Streamers like Netflix and Apple have a cushion. They have some stuff in the pipeline — or a lot of stuff, in Netflix’s case — and viewers are used to waiting a long time in between seasons anyway. Even before the strikes, nobody knew when the next season of Apple TV+’s Severance or Hulu’s The Handmaid’s Tale were coming out.

For tech-first companies Amazon and Apple, this really won’t have a material impact on their overall businesses — they rake in plenty of money elsewhere. Still, it’s not ideal, Lumley said. Apple is new to the streaming space, so it doesn’t have a ton of content to fall back on. Amazon is in a better position, in part thanks to its 2022 acquisition of MGM, but its content library still isn’t enormous.

The player in all of this that has the most runway really is Netflix. About half of its total content catalog is old stuff, Pachter said, and of the other half, he estimates about 20 percent of it is domestically produced. “What they’ve done is they’ve leaned into Korean and dubbed stuff, so they’ll probably whittle down that 20 percent that’s US-produced to 15,” he said. “They’ll have a hole in their schedule, but we won’t notice.” (On Netflix, this includes shows like the Korean-made King the Land.)

Thanks to Netflix’s platform and content, it’s likely to endure longer than Paramount or Warner Bros. Discovery or even Disney. At some point, Netflix will also start to feel the pressure, too. “They have a little bit more runway for projects which are already completed, which are in post-production, and they can stretch out,” Lumley said. “And, they don’t have to worry about the drop in advertising dollars and potential ratings hit they might take for the fall.”

Wall Street is going to take notice as well. “The public equity market will begin to try to weigh how long the strikes will be and inevitably impact the share prices well before we see it in the actual results,” Leon said. “If they extend into 2024, that’s going to be a big problem.”

Leon added that smaller companies and financial investors in movie production are starting to get dragged in. “All of a sudden, when they’re looking at the return on their cost of money, it gets worse,” he said. “That’s another kind of factor that’s in play, where the financial investors in the entertainment industry want to get this done.”

There’s all sorts of collateral damage here. The Emmys have been postponed, and it’s not clear what will happen with the rest of awards season if the strikes drag on. Workers and businesses with various types of ancillary ties to TVs and movies are struggling amid the Hollywood stoppage.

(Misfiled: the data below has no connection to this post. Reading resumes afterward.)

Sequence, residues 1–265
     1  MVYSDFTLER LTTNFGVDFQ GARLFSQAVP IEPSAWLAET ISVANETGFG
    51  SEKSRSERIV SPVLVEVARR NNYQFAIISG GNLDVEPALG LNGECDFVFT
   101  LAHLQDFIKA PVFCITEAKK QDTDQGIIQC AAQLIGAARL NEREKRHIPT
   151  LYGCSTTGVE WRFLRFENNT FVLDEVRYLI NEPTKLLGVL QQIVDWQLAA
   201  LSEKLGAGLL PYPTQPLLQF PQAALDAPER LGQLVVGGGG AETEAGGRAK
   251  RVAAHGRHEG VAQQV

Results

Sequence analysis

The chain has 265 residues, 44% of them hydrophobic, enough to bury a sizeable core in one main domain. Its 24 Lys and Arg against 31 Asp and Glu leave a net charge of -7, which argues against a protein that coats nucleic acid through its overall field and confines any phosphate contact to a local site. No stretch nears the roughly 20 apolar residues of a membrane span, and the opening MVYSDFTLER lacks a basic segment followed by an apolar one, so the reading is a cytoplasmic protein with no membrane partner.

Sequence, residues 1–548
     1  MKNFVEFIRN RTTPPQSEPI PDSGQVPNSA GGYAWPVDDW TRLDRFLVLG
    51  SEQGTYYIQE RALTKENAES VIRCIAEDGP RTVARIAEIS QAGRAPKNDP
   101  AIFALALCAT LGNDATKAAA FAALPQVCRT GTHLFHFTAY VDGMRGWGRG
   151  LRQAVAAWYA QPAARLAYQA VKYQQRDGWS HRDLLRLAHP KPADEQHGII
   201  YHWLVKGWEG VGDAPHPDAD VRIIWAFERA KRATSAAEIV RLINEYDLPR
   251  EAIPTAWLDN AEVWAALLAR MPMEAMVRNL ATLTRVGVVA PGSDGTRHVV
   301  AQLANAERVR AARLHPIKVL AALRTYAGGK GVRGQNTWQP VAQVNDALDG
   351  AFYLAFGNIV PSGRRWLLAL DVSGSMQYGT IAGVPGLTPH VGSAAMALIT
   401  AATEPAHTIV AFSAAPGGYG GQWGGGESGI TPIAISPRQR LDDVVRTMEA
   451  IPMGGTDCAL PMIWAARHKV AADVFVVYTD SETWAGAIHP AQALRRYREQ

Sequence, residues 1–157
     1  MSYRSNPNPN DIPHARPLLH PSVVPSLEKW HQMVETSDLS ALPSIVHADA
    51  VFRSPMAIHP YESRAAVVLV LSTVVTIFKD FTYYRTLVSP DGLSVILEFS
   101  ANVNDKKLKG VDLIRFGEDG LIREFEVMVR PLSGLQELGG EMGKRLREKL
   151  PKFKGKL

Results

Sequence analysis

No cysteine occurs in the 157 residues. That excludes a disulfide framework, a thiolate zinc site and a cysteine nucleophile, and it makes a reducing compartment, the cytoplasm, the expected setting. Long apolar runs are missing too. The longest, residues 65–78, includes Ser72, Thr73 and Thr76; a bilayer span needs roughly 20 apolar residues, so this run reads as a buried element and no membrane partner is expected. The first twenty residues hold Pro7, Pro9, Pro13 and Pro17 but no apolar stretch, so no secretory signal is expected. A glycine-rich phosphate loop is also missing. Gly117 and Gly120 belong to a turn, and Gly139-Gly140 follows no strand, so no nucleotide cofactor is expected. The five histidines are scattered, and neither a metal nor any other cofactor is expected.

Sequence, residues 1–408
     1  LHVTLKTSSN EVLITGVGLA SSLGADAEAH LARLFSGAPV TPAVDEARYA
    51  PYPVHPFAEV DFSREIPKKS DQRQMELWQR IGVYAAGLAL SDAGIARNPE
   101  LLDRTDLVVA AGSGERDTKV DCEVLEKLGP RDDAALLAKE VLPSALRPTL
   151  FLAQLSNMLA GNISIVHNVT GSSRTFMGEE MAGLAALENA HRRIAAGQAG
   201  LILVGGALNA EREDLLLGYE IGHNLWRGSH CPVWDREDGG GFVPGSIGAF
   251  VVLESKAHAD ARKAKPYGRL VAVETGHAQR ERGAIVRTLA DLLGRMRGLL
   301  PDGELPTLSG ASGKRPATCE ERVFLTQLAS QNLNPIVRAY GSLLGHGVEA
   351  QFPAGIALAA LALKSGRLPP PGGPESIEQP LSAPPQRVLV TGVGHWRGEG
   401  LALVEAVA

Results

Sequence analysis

It’s not clear who’s going to blink first — or what happens next

The AMPTP is back talking to the WGA; it’s not talking to SAG-AFTRA. Anyone who claims to know how and when the strikes will end is lying, and there’s a lot of uncertainty about what happens even when new contract deals are ultimately struck.

Again, the streaming boom is still over, and besides Netflix, nobody has really figured out a model to make it work.

Part of what’s being hammered out in strike negotiations is just exactly how residuals and royalties on streaming shows are supposed to work, which is representative of how the area is sort of a brave new world in a lot of ways in the entertainment industry.

“They’re part of why they are nervous around this, because these companies are looking at how to make just the business work in a sense that it’s sustainable while also figuring out how the talent, the creatives, the people involved in actually making the projects, how they can exist in this new world. Because in the olden days, royalties being a sustainable source of income … that has definitely changed,” Lumley said. “In streaming, there’s a lot less transparency around what exactly is a successful show, and how necessarily does that translate to remuneration for those involved in the project?”

To be sure, not everyone believes this is all that complicated. “Streaming has created a window that is uncompetitive, because the guys who produce in it are stupid, the bosses, and they’ve created this mess and they’re saying we’ll lose money on this stuff so we can’t afford to pay you residuals,” Pachter said. “That’s bullshit. Do it right, make money, and pay them what they’re due.”

Other preexisting problems, such as underperforming movies and perpetual cord-cutting, are going to persist as well. “The golden goose is getting old, and she’s not laying as many eggs, and you can see in a few years when all the sports move over to streaming as well, there could be a risk of a leg down in cord-cutting, which could accelerate the decay,” Begley said. If companies don’t have a strong streaming platform, which most don’t, they’re going to be in trouble.

There are all sorts of looming questions about what artificial intelligence will actually mean for television and movies (and all businesses, honestly), and whether and how companies will try to make up ground lost during the strikes. There could be a rush to pick up halted production, as there was after the pandemic, which would necessitate more workers — potentially more than there are available. Some projects might be tabled altogether.

The real takeaway here is every day, week, and month the strikes go on, the darker the landscape gets for everyone involved, including major corporations.